Words Patrick Hamilton Courtney
For many, collecting art is one of life’s great joys. Despite the misconception that collecting art is a preserve of the vastly rich, the pursuit is in fact easy to get involved in. With a little hunting, a clear plan, and a set budget, anyone can start a collection. What’s more, you’ll be joining a centuries old tradition of cultural appreciation.
In the first part of this three part guide, we’re sharing some basic tips to help you to prepare, so that you’ll be as happy with your art in five years’ time as you were the day you bought it.
COLLECTING v. BUYING
There is a big difference between buying art and collecting it. If the ultimate goal is to have a painting to fill that awkward blank wall at the top of the stairs, then you are just buying art. Great collectors, on the other hand, are motivated beyond aestheticism, and focus on acquiring the works of particular movements, periods, subjects, or styles. For example Peggy Guggenheim collected what we now call modern art, while Percival David’s collection concentrated on Chinese ceramics.
Think of a collection as a way of interacting with something you are interested in. This might mean an interest in photography leads towards collecting 20th century c-prints, or a love of the sea might result in a collection of works depicting the ocean and beaches. This doesn’t mean collections can’t be eclectic and include lots of different things, but they should have significance to the collector beyond aesthetic enjoyment.
BUY WHAT YOU LOVE
Many people think of collecting art as an investment. While it’s true that there is money to be made, predicting whether a piece will go up in value is difficult. You should buy works you genuinely love, and would be happy to place in your home whatever their eventual worth.
Buying art can become quite addictive, so it’s important to know your limits and stick to them. Collectors have been known to talk about how making an acquisition feels like hunting prey, and in the midst of an auction, pumped with adrenalin, it can be tempting to keep bidding long past the figure you had in your head. But you don’t want to end up eating baked beans for the next two months!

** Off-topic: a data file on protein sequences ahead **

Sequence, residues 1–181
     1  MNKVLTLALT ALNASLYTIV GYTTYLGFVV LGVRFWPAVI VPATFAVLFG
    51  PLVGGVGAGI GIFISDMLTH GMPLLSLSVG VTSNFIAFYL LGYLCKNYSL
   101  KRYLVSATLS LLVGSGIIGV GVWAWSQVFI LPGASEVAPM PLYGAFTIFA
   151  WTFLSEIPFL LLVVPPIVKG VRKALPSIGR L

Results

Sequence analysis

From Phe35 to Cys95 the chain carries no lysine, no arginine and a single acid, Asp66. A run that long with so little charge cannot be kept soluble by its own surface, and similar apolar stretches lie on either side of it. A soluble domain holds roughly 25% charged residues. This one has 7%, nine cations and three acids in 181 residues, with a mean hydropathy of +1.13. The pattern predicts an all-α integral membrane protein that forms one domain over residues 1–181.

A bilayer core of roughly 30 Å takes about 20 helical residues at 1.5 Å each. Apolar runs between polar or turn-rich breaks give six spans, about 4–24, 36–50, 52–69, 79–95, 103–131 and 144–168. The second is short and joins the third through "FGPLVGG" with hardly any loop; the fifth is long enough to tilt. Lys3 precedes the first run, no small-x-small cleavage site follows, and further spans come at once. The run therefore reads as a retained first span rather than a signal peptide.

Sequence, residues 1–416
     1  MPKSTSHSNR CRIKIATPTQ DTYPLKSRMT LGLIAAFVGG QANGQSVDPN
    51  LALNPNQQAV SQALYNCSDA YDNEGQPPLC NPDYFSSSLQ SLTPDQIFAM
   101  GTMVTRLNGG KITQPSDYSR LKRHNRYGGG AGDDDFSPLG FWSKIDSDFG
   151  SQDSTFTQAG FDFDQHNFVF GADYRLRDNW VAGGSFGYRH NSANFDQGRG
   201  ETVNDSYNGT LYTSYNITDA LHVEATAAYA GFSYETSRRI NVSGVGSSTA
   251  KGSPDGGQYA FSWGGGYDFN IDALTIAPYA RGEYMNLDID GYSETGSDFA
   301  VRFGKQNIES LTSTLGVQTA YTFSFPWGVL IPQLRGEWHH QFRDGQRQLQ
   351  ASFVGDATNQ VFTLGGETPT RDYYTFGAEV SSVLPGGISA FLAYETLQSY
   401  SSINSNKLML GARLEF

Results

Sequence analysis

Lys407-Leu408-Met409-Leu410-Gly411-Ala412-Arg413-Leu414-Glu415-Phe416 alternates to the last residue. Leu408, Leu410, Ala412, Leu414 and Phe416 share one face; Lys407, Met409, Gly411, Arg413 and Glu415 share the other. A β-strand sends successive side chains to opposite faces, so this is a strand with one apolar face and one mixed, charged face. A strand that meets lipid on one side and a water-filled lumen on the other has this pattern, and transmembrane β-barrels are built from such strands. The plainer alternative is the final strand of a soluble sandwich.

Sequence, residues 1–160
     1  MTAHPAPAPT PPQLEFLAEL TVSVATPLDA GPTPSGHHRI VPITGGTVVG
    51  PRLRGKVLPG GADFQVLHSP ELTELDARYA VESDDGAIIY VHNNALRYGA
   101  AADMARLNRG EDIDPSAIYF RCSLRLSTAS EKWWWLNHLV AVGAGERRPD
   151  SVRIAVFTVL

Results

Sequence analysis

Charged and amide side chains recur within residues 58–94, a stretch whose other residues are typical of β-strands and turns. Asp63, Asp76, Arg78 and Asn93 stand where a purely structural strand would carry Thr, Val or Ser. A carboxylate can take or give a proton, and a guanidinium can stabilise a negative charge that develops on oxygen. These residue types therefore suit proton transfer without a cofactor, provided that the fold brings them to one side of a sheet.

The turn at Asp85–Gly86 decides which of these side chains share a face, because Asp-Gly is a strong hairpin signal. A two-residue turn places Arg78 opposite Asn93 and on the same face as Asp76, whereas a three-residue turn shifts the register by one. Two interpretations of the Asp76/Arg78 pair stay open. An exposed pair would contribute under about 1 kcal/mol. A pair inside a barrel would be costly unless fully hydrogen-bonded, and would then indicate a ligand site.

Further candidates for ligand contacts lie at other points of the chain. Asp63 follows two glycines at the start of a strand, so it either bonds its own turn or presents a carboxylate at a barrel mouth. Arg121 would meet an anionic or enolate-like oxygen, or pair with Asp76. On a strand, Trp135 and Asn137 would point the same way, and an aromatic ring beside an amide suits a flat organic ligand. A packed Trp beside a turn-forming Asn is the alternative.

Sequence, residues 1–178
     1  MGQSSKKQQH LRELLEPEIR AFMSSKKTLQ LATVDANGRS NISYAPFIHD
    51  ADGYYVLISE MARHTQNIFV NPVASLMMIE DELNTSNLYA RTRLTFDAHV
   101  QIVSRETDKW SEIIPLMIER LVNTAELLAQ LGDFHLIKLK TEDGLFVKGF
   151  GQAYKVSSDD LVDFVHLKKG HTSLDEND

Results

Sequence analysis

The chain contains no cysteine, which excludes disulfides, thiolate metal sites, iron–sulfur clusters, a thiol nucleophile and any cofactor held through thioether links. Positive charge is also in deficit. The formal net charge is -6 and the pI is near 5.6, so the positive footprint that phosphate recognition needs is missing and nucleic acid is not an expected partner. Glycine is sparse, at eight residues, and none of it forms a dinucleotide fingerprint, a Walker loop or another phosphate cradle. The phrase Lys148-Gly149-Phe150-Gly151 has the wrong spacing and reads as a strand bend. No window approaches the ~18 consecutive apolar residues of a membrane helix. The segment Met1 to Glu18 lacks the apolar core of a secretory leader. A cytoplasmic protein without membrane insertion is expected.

Decide what you can afford, set a budget, and think carefully before you deviate. Beautiful and interesting works can be bought at all price points. Remember to factor in additional costs like transportation, framing, and insurance. Sometimes stretching the budget can allow you to acquire something really special, but before you spend you should always…
DO YOUR HOMEWORK
Before parting from your money, you should always make sure you’re armed with as much knowledge as possible. Research the artists you are thinking about and find out the typical prices for their works using art sales listings websites. If you know the works you might buy inside out, you won’t get stung. Finally, always be sure you are buying a genuine work. For example, if it’s a print or multiple make sure it is signed and numbered by the artist. Otherwise, it’s nothing more than a worthless poster.
Most reputable galleries and auction houses will be happy to answer any questions and discuss works in detail with you. If an artist is alive, there’s no reason why you can’t email them and ask about a piece!
GO FOR IT!
These basic guidelines can help you to make the most of your budget and avoid regretting a purchase, but there are no hard and fast rules. Art collecting should be fun, and so long as you love what you’re buying and know exactly what it is, you won’t be disappointed.
Read part 2 for tips on where to buy.